Possible seizure-related symptoms include:

  • Sudden falls.
  • Involuntary jerky movements of limbs whilst awake.
  • Blank spells.
  • Unexplained incontinence of urine with loss of awareness, or in sleep.
  • Odd events occurring in sleep, eg fall from bed, jerky movements, automatisms.
  • Episodes of confused behaviour with impaired awareness.
  • Possible simple partial seizures.
  • Epigastric fullness sensation.
  • Déjà vu.
  • Premonition.
  • Fear.
  • Elation, depression.
  • Depersonalisation, derealisation.
  • Inability to understand or express language (written or spoken).
  • Loss of memory, disorientation.
  • Olfactory, gustatory, visual, auditory hallucinations.
  • Focal motor or somatosensory deficit, or positive symptoms (jerking, tingling).
Tests to diagnose: 
  • The doctor will perform a physical exam, which will include a detailed look at the brain and nervous system.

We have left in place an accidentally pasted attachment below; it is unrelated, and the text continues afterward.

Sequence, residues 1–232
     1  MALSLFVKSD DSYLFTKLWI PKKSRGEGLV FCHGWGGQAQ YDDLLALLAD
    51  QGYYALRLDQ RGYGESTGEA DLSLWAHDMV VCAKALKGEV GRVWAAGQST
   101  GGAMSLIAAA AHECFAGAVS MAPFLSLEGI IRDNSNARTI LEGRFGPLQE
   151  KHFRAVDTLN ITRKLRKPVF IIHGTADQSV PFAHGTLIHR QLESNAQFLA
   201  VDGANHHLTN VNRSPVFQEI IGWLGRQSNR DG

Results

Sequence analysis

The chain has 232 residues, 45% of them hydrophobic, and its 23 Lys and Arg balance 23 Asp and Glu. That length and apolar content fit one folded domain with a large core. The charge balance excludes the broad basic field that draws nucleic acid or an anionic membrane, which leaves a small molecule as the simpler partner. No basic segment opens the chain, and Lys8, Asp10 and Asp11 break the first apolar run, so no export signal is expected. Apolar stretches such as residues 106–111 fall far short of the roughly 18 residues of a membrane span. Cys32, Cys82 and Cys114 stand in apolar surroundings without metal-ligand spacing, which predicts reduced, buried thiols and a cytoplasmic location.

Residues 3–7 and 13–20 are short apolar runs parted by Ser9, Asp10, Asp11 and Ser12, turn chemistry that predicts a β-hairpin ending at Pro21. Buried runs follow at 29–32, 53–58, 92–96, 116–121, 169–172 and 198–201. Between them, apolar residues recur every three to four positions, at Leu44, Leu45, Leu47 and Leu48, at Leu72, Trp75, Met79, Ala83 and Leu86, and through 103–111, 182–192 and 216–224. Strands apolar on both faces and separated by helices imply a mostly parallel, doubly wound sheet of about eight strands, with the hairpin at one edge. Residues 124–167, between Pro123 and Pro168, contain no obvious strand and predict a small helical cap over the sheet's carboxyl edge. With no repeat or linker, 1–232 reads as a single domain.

• An EEG (electroencephalogram) will be done to check the electrical activity in the brain
  • Blood test: Complete blood count (CBC)
  • Lumbar puncture
  • Toxicology screening
  • Imaging tests: Magnetic resonance imaging (MRI) and computed tomography (CT) 

Treatment for epilepsy may involve surgery or medication. Anti-epileptic drugs (AEDs) are usually the first choice of treatment. The older first-line AEDs include sodium valproate,carbamazepine, phenytoin and phenobarbital. Newer AEDs include gabapentin, lamotrigine,levetiracetam, oxcarbazepine, tiagabine, topamax andvigabatrin. Epilepsy that does not get better after two or three anti-seizure drugs have been tried is called "medically refractory epilepsy." Surgery to place a vagus nerve stimulator (VNS) may be recommended.- Vagus nerve stimulation (VNS) therapy.

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